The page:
Merkel did not foresee that these measures, combined with earlier instances of neglect (several years of ignoring the fact that the German asylum system is used as a gateway for economic immigrants, the lengthy consideration of applications for asylum and the over-extended deportation procedures, although since last September the relevant laws have been revised), will spread the view even more widely that Germany is not in a position to enforce its own regulations. And as a consequence, this will lead to increased pressure from the migrants. According to a former President of the Constitutional Court of the Federal Republic of Germany, Hans-Jürgen Papier, never in the legal order of the Federal Republic of Germany has there been “such a gap between the letter of the law and the reality”.

Hang in There, Governor Hogan

by Roger Clegg & Hans A. von Spakovsky

The Maryland state legislature is back in session, and the Democrats have announced that one of their priorities is overriding Governor Larry Hogan’s veto last year of a bill that would automatically re-enfranchise felons when they are released from prison, even if they are still on parole or probation (Maryland already automatically re-enfranchises felons once they are no longer on probation or parole). Governor Hogan is adamant that this is a bad bill.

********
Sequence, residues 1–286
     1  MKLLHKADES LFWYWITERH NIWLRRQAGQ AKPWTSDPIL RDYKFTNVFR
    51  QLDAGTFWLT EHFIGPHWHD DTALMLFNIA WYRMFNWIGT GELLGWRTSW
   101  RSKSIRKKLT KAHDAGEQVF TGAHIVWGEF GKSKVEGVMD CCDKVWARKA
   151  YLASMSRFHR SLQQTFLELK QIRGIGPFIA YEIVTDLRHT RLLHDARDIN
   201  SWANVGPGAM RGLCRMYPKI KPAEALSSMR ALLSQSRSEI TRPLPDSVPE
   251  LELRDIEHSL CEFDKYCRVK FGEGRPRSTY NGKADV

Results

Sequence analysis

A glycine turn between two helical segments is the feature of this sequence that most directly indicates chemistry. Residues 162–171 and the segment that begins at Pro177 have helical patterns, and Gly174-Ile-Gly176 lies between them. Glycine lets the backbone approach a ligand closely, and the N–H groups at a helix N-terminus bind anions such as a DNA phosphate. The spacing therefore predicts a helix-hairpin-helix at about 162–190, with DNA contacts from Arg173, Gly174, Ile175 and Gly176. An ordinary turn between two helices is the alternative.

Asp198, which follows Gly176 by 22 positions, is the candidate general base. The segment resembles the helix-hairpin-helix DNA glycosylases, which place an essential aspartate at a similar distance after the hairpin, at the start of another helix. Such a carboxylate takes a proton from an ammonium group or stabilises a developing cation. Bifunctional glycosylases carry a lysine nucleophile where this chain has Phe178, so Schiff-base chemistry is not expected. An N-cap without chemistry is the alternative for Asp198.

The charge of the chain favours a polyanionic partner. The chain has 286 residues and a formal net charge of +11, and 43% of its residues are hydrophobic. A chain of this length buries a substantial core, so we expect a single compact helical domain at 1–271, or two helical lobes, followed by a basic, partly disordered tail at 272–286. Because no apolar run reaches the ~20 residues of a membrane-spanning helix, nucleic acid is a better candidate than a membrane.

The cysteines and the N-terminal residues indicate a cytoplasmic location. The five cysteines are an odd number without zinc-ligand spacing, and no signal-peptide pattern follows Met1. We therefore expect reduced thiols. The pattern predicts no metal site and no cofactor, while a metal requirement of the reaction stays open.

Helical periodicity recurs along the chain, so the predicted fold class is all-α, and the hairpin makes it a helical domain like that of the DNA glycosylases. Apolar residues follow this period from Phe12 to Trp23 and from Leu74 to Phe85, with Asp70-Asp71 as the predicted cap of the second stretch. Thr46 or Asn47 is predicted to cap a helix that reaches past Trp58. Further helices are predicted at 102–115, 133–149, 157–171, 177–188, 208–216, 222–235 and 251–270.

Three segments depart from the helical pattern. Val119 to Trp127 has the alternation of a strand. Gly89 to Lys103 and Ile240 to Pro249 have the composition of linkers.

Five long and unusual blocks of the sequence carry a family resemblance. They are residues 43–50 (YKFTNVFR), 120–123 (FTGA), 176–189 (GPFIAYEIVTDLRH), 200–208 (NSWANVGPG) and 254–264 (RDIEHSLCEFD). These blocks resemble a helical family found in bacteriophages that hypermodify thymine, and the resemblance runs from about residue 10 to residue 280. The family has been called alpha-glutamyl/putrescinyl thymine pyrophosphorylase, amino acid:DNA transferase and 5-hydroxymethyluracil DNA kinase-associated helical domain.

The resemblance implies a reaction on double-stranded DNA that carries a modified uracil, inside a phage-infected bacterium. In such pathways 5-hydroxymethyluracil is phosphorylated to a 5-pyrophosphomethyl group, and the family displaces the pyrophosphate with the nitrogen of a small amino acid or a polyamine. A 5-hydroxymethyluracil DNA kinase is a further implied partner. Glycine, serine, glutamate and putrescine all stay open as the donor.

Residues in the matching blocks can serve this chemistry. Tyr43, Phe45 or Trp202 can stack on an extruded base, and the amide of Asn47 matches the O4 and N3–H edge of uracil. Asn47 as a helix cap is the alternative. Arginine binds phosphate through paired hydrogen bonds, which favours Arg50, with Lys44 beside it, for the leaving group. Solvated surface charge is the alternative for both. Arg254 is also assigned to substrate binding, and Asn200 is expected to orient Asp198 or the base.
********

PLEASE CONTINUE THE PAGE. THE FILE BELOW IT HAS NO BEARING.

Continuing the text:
And Governor Hogan is right, so here’s hoping that the veto-override effort fails. 

If you aren’t willing to follow the law yourself, then you can’t demand a role in making the law for everyone else, which is what you do when you vote. We don’t let everyone vote — not children, not non-citizens, not the mentally incompetent, and not felons — because we have certain objective, minimum standards of responsibility and commitment to our laws that must be met before someone is given a role in the solemn enterprise of self-government. People who have committed a serious crime against their fellow citizens don’t meet those standards.